As someone who attended survived 13 years of Catholic school (K-12), I’m no stranger to experiencing group punishment. I’m not a huge fan of the concept, nor the practice.
Perhaps Southwest Airlines went to the same schools I did.
The Airline of Love just reversed course on a fairly big announcement. It originally announced it would phase in alcohol service on board its flights next month. Beer, wine, vodka, and whiskey would eventually be available on flights over 250 miles. Cheers, right?!
Well, don’t crack open a cold one quite yet.
“Given the recent uptick in industry-wide incidents of passenger disruptions inflight,” Southwest said, “we have made the decision to pause the previously announced re-start of alcohol service onboard June (Hawaii flights) and July.” (That comes to us from Points, Miles, and Martinis — how’s that for an appropriate source?!)
Once again, the ne’er-do-well troublemakers ruin it for everyone.
A Southwest flight attendant was decked by an enraged passenger last week — and lost two teeth. (Though another passenger asserts the flight attendant isn’t exactly blameless and could’ve deescalated the situation.)
Air rage incidents have increased dramatically. Most of them are apparently are arguments started over mask-wearing.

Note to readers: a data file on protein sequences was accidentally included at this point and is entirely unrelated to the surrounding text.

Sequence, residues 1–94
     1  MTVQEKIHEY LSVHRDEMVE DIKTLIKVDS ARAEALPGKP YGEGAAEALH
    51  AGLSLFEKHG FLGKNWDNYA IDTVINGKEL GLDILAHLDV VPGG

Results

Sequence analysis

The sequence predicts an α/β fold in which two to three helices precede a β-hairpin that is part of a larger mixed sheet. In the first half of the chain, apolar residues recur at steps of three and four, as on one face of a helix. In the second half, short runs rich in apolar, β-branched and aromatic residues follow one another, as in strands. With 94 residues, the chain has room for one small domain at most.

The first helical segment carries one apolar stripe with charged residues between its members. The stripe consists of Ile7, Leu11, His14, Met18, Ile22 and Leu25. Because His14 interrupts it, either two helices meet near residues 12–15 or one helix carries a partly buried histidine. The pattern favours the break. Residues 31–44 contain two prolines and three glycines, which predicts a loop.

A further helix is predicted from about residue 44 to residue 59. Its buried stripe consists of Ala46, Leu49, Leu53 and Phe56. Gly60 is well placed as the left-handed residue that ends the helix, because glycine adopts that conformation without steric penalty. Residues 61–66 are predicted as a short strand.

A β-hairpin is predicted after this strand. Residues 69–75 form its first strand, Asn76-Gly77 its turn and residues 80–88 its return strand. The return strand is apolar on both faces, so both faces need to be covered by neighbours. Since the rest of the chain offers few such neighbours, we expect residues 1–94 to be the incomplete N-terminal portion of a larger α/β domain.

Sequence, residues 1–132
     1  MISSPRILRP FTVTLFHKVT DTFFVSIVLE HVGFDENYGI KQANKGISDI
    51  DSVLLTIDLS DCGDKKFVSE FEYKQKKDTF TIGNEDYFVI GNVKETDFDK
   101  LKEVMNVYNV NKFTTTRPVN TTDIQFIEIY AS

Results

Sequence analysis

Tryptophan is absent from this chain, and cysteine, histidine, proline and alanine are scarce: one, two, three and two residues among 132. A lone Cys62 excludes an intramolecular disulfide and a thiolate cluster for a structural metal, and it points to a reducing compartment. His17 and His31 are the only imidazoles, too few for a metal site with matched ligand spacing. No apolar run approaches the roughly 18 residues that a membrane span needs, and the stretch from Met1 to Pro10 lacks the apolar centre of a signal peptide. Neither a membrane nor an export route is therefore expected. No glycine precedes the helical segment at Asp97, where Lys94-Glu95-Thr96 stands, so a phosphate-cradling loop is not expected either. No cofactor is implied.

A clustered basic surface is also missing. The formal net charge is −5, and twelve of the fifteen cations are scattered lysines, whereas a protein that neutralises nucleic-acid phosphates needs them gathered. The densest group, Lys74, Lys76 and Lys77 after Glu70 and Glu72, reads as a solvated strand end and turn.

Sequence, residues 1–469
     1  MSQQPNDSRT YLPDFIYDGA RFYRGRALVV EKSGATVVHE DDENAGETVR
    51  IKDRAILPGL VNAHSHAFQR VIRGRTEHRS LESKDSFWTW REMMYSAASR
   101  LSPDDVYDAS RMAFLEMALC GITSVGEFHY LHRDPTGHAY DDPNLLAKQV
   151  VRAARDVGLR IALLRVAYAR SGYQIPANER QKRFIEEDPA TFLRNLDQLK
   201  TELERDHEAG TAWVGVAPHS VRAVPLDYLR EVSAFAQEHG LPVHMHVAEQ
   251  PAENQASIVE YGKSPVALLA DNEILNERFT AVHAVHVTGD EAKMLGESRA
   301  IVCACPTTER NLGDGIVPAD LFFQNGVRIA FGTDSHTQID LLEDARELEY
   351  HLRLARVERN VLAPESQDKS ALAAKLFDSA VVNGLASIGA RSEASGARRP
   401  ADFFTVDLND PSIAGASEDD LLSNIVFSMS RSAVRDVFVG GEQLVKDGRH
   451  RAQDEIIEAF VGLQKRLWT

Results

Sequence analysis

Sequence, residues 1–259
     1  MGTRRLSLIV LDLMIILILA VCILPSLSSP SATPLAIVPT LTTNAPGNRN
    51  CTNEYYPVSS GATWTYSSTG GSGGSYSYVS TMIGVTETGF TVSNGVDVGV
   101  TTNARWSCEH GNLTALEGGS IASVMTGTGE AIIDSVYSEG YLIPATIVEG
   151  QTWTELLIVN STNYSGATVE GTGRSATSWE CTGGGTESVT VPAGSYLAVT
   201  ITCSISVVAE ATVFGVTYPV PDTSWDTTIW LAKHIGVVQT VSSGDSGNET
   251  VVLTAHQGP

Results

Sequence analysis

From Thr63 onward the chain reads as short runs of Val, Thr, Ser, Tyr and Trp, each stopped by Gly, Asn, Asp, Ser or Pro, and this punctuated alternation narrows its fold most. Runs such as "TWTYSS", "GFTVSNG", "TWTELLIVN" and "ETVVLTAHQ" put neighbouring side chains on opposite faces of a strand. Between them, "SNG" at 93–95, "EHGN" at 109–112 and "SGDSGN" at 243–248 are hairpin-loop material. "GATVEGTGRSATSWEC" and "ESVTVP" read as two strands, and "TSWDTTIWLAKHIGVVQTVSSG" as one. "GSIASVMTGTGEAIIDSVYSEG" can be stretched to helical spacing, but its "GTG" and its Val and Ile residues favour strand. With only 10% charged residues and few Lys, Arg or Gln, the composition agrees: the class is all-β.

But I’m curious how much inflight drink service has to do with it.
People Drink Before Flights!
Plenty of travelers drink before boarding flights. You’ve seen, I’ve seen it. (Heck, maybe I’ve had a drink with you at an airport bar or club lounge before a flight.)
The Los Angeles Times‘ Hugo Martin wrote (subscription possibly required) a couple of years ago:
…more than 60% of travelers in a recent survey said they down a drink or two before heading to the airport.
Once in the airport and on the plane…the rate of alcohol consumption increases, according to the survey.
So, some people are already gassed well before inflight drink carts are unlatched from galley storage areas. That’s not the airline’s fault. Nor is the fault of responsible fellow passengers. Depending on a passenger’s behavior at the airport, it may be difficult to fault a bartender or lounge staff.
Consider this, too: if travelers know there isn’t alcohol available on a flight, they may feel more inclined to binge drink at the airport instead of spacing out their drinks throughout their journey.
Plus, flight attendants are trained to spot intoxicated passengers. Perhaps it’s not this simple, but maybe the drunk passengers shouldn’t get served. Passengers who drink responsibly and can handle their alcohol don’t really pose a threat to anyone, as far as I can tell.
I’m fine not drinking alcohol on a plane. I did it a few weeks ago, in fact. I have Southwest itineraries scheduled and this hiccup won’t change my mind.
But I appreciate having the option of enjoying some red wine or bourbon. (Though I certainly won’t bring my own alcohol onto a flight.)
So I hope Southwest reconsiders its reconsideration. In the meantime, maybe Brad Paisley needs to add some lyrics to this classic:
What do you think? Did Southwest do the right thing by staying dry? Or do they need to pour a good beverage and relax a little?
Please share your thoughts in the below Comments section!
If you drink, please do so legally and responsibly. Worried you have a drinking problem? Consider contacting the Substance Abuse and Mental Health Services Administration’s national helpline: 1-800-662-HELP (4357) or visit SAMHSA.gov.
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